No Phones, One Phone, Two Phones, More?
By Mike Masnick, Mon Jul 19 22:45:00 GMT 2004
People use mobile phones in many different ways. While some are discovering that one phone isn't enough, others are finding that it's too many.
For years, handset makers have been worried about market saturation issues. They're always targeting new mobile phone users, but as those become harder to find, some wondered if there were ways they could convince people to buy multiple phones. While the new generation of camera phones, 3G phones and smartphones has kept the handset industry booming, there are still some concerns about market penetration.
Certainly there are still efforts to convince new mobile users it's time to join this millennium, as some people still refuse to buy a mobile phone, but they are few and far between. The article describes two busy professionals in Singapore who are happy in their mobile-less ways -- though, they admit they know of no others who are without mobile phones, and sometimes have to deal with business associates who think they're simply hiding their mobile phone numbers. They claim they can be reached in other ways, and the reporter admits that he had no problem reaching either of them. Amusingly, both men have wives who have mobile phones -- and one of the wives even carries two phones.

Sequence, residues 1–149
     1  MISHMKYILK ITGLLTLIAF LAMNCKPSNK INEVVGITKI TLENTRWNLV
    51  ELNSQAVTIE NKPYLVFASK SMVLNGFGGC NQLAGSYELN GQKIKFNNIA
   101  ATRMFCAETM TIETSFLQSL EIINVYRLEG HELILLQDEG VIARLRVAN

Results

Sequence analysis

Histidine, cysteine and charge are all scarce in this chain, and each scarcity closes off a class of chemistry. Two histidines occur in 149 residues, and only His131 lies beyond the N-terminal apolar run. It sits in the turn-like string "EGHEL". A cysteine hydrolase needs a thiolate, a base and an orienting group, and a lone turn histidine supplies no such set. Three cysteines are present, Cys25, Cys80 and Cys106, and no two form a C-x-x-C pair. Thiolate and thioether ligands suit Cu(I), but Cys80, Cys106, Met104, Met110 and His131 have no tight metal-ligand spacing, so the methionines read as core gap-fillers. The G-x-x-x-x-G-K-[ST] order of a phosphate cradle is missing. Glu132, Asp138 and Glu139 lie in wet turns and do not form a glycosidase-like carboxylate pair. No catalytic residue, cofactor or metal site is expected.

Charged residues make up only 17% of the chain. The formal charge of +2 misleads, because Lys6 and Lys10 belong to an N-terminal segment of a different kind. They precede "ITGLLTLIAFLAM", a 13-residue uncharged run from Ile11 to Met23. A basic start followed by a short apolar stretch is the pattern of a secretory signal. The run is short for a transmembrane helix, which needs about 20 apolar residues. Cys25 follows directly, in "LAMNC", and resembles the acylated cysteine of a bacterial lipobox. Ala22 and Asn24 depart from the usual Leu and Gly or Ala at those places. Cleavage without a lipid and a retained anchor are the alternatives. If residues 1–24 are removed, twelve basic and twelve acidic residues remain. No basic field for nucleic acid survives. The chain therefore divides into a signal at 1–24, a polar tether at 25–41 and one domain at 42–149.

This brings up the companion article to the men with no mobile phones, which describes how many young adults in Singapore now carry two mobile phones. Of course, unlike the original "different phones for every occasion" plans that handset makers have discussed in the past, the reasoning usually has more to do with the way mobile operators price their service plans -- with large included bundles, and high per minute or per message fees beyond that. The dual phone toting crowd often does it because it's cheaper to mix and match their minutes and messages to better optimize their phone bills.
Of course, this doesn't come without its own hassles. Carrying two phones is quite a nuisance for some. One young man points out that fitting both phones into a single pocket is a real pain (quite literally) and makes it nearly impossible to sit down. Others point to a more fundamental problem: while they may be able to keep track of which phone has free incoming calls and which ones have free text messages left, their friends certainly can't. Thus, they end up getting calls on the phones with no minutes available and text messages on the phones with no free messages left, making the whole thing not only more confusing, but also more expensive. Perhaps the multiple phones for multiple occasions method of expanding the market is a better way to go.